How Vivo was successful with the help of Roger Deakins

This version of the story of “Vivo” first appeared in the animated special of Prize preview problem of TheWrap’s award-winning magazine.

There’s a lot of competition these days for your attention, especially in terms of animation, so it’s important to capture your audience’s attention and imagination as quickly as possible. For “Vivo,” the animated musical written by Lin-Manuel Miranda and co-written by “In the Heights” Quiara Alegría Hudes, the approach is simple: wrap the viewer in the world of a kinkajou singing named Vivo (Miranda) who traveled from Cuba to America to fulfill the last wish of his master Andrés’ (Juan de Marcos González), with a large, brassy, ​​unsightly number.

Easy enough, right? But what if that same number covers a vast array of emotional stories and real estate? Oh, and it was taken in one shot?

As director and co-writer Kirk DeMicco said, the franchise wasn’t originally staged as a single show. That idea came later, from choreographer Calvit Hodge. “Initially, it was really just an idea about finding dance references,” he says. “It’s more about the realism, the cultural representation of the background dancers – so when the tourists and other people in the square dance along, there will also be locals there and we can watch How will each person dance? Calvit and his team went into a studio to choreograph and they did it with their cameras and choreographed most of it as one shot. ”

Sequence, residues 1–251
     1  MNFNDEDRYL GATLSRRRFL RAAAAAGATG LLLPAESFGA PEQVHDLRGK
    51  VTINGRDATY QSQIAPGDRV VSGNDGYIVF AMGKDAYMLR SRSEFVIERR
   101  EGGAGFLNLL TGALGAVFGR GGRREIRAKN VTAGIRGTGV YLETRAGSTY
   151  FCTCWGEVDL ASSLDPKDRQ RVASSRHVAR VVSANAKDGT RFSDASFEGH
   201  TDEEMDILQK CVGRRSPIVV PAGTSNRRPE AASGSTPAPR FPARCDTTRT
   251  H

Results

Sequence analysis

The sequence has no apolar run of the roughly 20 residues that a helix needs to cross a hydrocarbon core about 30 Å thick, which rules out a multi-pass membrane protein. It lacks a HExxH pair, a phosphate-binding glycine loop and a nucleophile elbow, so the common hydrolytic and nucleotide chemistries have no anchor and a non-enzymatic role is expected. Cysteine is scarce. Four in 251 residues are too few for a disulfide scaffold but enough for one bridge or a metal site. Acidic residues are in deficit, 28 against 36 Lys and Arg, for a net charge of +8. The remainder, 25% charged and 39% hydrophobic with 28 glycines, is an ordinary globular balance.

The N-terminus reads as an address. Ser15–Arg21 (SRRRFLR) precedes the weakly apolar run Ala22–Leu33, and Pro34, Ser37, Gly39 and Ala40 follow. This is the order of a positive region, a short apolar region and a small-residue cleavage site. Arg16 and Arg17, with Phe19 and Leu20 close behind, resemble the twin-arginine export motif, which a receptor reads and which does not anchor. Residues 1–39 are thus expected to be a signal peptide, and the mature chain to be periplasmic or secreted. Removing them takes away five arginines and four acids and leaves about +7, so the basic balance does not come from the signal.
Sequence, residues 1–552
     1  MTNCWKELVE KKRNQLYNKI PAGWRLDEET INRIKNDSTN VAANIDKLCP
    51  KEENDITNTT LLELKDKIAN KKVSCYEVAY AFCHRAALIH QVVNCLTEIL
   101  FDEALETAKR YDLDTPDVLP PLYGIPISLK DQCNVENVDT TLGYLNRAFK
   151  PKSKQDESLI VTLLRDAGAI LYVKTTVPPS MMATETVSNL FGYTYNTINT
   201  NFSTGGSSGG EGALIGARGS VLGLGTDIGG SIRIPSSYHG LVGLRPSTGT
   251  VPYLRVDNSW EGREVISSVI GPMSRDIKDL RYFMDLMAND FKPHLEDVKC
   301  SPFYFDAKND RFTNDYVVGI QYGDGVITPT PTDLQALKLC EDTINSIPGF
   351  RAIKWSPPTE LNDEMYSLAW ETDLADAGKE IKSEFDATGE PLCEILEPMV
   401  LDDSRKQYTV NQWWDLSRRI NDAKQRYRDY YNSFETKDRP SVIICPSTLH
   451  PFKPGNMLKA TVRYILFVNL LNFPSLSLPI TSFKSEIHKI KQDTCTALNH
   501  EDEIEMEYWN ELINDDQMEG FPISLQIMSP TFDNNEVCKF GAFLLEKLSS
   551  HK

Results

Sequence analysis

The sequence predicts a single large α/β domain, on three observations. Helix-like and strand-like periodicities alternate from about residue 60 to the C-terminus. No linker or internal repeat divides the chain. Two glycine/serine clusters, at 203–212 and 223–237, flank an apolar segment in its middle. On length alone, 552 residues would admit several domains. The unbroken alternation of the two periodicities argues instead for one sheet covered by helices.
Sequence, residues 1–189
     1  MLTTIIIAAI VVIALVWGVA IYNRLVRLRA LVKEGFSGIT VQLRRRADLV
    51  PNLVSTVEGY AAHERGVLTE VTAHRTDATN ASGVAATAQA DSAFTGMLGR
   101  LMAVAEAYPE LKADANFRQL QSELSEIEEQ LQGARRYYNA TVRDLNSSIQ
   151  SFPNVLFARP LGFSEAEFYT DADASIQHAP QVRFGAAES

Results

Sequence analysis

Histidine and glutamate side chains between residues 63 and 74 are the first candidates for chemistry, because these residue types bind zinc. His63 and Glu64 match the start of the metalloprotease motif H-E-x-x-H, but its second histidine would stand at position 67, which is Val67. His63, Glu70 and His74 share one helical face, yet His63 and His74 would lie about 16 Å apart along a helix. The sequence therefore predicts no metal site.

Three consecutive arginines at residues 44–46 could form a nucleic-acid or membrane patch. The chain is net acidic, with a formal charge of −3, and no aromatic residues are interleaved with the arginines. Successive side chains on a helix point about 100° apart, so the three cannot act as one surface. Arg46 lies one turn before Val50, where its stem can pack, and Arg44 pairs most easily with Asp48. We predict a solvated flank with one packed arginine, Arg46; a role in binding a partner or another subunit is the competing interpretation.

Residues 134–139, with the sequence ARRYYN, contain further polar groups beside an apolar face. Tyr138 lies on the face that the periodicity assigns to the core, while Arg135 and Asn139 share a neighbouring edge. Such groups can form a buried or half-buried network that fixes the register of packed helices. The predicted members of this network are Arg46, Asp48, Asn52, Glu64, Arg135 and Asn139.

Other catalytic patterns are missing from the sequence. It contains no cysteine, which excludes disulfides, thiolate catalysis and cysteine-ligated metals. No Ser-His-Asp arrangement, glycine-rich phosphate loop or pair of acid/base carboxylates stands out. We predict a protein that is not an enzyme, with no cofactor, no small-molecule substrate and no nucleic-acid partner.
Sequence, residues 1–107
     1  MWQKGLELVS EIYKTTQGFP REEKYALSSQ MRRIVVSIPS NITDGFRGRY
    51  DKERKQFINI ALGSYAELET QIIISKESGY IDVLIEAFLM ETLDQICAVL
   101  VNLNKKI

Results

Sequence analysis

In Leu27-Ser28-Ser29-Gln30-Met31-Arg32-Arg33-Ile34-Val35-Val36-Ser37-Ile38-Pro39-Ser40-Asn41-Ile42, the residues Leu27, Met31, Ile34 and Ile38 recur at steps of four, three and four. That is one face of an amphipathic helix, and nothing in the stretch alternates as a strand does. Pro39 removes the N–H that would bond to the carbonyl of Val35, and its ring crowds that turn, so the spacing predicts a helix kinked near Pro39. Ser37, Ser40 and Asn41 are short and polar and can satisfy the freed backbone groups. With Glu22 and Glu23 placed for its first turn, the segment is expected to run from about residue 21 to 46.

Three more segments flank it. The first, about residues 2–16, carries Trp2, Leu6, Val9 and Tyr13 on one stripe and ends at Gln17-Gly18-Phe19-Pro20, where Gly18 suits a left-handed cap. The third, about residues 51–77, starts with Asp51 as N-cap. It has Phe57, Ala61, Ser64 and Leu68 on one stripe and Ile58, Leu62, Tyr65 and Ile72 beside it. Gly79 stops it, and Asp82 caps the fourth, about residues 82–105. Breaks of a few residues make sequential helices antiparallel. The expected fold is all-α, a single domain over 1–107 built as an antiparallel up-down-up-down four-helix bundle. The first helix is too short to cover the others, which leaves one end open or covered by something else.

A moment in Hodge’s video when one of the bystanders takes a selfie sparks DeMicco’s determination to do the scene just once, but the animators who had to work on the idea took it off. really surprising. “They all said, ‘A what? A flanking? Who will do that? ‘ It’s going to take a year,” DeMicco said. (Kevin Webb, head of animation, says the shot comes at 1,500 frames, which DeMicco admits is “unprecedented in animation.”) Also, what matters is the amount of storytelling they have to do. pass: The sequence is braided with small flashbacks, and it covers most of the day.

However, “Vivo” had a secret weapon: the participation of Roger Deakins, the Oscar-winning cinematographer who had just made “1917,” a film that was modeled as a continuous shot. Deakins was tasked with “understanding how we can get all the excitement and instant feeling when opening a scene.” Also, like “1917,” he will have to determine where separate photos can be “spliced” together for a seamless look.

“The great thing about working with Roger, especially in cartoons, is that when Roger comes on as a DP, his brain doesn’t think that the camera and the light are in two separate departments. ,” said DiMicco. “That’s part of him.”

DeMicco, Deakins, and the rest of the collaborators soon brought the scene to life. Since we were introduced to Andrés and Vivo as a troubadour, the single shot would put the audience in the shoes of the tourists that took place during their performance.

“The idea of ​​that one shot feels like we, the audience, have come in and are watching it,” DeMicco said. “If we were to show up with a camera and watch a troubadour act around, you wouldn’t be doing a lot of different cuts. You’ll be with them and then just carry your phone with you and record a video. I think it’s a really great way to give us the opportunity to have the audience right there as if you’ve just arrived in Cuba and you’re shooting this movie.”

Read more from the Award Preview issue here.

Tessa Thompson Award Preview Magazine Cover
Photographed by Matt Sayles How Vivo was successful with the help of Roger Deakins

Curtis Crabtree

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